"Organisations such as online banks are only recently getting to grips with how they inform their users of threats such as the use of fake emails and bank Web sites. They, along with numerous other providers of online goods and services, need to review the security of their offerings, the secure practice information they give customers, and put in place rapid response measures when a vulnerability of some kind is exploited by adaptive criminals," said the Home Office's report.
The Association for Payment Clearing Services (APACS), which represents the banking industry, said last month that no decisions had been taken to go ahead with two-factor despite the rise in phishing attacks.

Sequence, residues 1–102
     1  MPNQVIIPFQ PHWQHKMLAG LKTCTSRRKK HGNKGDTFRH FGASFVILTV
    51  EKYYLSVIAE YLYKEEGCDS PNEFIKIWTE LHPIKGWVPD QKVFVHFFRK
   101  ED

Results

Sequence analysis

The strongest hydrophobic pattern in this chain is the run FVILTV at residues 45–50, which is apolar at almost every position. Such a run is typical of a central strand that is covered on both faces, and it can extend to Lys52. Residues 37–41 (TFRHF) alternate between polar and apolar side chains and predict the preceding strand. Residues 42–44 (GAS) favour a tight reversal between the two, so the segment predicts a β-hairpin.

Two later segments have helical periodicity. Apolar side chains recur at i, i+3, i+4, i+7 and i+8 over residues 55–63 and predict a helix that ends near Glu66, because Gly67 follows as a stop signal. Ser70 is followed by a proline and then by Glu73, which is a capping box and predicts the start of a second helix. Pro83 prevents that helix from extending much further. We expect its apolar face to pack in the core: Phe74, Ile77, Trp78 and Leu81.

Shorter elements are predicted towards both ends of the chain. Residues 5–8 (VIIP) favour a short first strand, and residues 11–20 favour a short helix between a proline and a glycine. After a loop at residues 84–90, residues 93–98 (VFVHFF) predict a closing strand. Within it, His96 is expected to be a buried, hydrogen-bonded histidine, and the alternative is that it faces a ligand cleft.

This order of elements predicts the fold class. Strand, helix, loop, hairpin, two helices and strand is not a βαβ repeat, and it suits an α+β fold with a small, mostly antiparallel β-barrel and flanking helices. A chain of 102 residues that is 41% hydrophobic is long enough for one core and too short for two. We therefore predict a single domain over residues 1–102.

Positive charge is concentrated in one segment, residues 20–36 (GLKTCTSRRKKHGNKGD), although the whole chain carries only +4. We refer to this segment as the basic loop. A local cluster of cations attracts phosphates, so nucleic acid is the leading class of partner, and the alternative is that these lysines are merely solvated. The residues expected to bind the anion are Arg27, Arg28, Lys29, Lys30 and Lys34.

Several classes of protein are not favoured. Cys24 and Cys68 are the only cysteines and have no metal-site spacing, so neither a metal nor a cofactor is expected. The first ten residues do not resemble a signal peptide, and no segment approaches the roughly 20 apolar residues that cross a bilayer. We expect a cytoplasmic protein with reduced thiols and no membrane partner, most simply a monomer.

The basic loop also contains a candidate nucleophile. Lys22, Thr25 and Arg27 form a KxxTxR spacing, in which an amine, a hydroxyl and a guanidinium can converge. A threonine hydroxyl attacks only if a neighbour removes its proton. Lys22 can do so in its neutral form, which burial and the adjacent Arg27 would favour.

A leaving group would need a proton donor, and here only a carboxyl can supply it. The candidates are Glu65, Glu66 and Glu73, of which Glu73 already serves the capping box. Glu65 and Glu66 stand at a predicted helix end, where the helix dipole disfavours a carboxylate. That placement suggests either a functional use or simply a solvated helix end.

"The fact is it's a massive undertaking," said Tom Salmond, a managing consultant in the e-banking fraud liaison group at APACS. "It's under active consideration, but no decisions have been made at this time."
The Home Office report makes several recommendations to improve Internet and cybercrime policing in general. It said that 'netcrime' investigative techniques should be integrated to work with physical investigation practices, and that there should be a co-ordinated intelligence gathering exercise to examine organised crime on the Web.
The National Hi-Tech Crime Unit, which is dedicated to fighting organised hi-tech crime, was unavailable to comment on this issue at the time of writing.